Ok, it's really aerial photography with a lean application. And, it's not that aerial. Just a guy standing on a big step ladder and taking a picture of stuff below. Yes, there's a fancy camera in his right hand.
So, where's the lean in this?
When I first saw the ladder in the kaizen team's breakout room, I was a bit perplexed. But, as it turns out, there was a good reason for the ladder. Actually, it's pretty cool.
Many of us have participated in the design of future state layouts. This often employs two-dimensional scale models as a team seeks layouts that, among other things, facilitate better flow of product, people, information, tooling, scrap, etc., the use of less floor space, improved visual control, etc.
In an effort to generate multiple ideas and options and converge on the best one, many teams create a number of different alternative designs (think of the popular application of the 7 ways or 7 alternatives). These alternatives are then scored by the team against pre-established, weighted criteria.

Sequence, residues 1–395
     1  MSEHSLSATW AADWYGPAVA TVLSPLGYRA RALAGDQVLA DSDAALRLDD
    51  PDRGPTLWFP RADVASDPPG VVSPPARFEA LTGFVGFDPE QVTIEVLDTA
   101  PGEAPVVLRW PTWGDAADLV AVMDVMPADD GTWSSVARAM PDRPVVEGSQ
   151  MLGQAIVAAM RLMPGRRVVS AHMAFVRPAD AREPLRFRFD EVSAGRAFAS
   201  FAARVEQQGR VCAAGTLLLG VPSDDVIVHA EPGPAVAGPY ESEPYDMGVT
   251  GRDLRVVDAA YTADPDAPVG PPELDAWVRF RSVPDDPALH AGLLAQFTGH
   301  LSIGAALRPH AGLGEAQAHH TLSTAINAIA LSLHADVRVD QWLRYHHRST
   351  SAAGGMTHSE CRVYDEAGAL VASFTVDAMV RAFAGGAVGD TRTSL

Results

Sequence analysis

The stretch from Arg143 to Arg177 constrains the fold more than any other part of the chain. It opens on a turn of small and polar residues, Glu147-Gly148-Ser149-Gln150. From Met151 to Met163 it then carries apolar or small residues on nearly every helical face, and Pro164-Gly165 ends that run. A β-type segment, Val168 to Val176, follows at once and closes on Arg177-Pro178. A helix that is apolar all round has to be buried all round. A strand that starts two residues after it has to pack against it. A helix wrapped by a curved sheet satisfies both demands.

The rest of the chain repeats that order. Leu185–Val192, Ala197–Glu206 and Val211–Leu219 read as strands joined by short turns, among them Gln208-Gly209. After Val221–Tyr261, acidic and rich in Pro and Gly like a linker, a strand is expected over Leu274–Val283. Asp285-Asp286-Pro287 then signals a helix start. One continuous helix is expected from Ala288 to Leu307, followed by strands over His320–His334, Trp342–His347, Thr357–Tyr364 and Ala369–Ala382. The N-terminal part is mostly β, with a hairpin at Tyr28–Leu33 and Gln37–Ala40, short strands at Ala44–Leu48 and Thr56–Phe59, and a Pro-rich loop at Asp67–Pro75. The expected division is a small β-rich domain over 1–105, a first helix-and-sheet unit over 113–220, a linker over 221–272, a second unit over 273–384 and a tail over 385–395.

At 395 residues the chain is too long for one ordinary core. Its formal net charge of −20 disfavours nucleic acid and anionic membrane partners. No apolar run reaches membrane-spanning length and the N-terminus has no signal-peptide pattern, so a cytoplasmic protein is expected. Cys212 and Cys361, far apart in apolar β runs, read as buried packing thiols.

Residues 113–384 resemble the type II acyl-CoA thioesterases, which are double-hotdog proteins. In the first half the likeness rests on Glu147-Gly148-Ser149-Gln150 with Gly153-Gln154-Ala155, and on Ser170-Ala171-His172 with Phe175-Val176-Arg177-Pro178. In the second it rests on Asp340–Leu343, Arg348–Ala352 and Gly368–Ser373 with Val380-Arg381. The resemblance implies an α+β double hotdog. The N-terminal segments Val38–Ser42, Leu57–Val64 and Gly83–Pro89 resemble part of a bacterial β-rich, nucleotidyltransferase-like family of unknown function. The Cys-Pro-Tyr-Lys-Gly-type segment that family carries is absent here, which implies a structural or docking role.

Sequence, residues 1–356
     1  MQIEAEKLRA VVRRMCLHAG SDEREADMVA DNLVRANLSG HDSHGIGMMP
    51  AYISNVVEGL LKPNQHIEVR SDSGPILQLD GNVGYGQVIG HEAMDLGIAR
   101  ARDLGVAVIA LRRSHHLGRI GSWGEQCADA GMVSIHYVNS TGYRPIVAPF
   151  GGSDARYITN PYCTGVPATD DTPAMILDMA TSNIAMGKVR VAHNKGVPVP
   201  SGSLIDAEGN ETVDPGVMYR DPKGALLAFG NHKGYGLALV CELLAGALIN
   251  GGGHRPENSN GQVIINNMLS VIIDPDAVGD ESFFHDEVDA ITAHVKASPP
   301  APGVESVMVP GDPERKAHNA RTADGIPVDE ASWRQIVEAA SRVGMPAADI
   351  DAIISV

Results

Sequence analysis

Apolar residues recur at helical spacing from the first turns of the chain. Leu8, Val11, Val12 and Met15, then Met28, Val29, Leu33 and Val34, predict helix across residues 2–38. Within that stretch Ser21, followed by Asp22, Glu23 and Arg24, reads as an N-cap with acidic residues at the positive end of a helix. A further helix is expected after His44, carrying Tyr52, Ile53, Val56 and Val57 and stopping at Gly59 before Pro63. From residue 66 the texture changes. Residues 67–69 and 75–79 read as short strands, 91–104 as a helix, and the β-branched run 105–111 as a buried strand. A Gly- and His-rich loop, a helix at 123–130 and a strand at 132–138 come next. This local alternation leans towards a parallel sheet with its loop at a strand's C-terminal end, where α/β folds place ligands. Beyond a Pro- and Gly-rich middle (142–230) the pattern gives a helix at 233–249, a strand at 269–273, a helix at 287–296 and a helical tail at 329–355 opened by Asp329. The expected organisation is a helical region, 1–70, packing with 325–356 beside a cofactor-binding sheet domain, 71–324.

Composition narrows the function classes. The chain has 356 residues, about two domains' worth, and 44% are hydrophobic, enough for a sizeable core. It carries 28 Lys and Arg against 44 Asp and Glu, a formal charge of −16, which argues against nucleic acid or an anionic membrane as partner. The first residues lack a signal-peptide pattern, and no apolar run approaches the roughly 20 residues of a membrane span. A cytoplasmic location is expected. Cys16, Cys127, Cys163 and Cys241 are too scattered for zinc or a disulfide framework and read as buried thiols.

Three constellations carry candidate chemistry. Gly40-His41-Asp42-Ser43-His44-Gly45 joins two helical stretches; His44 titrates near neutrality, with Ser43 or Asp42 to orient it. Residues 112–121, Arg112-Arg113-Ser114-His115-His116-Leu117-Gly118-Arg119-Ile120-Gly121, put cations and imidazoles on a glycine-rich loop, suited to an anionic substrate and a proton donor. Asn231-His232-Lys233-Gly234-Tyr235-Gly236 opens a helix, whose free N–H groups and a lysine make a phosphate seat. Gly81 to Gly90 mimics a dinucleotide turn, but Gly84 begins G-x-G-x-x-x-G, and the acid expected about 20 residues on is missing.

Well, creating 7 or so different two-dimensional models can be time AND space consuming. The activity involves materials such as cardboard, plywood, paper cut-outs, sheet metal, magnets, yarn, and so on.
Enter the aerial photographer.
The folks with the ladder had a brilliant idea. After each iteration or alternative design, the designated photographer climbed the ladder and snapped a photo of the layout. (You need a pretty decent camera, by the way.) This way they quickly recorded and printed out the layout and then rapidly proceeded to the next design using the same materials.
More iterations. More ideas. More interaction. More learning. Better output.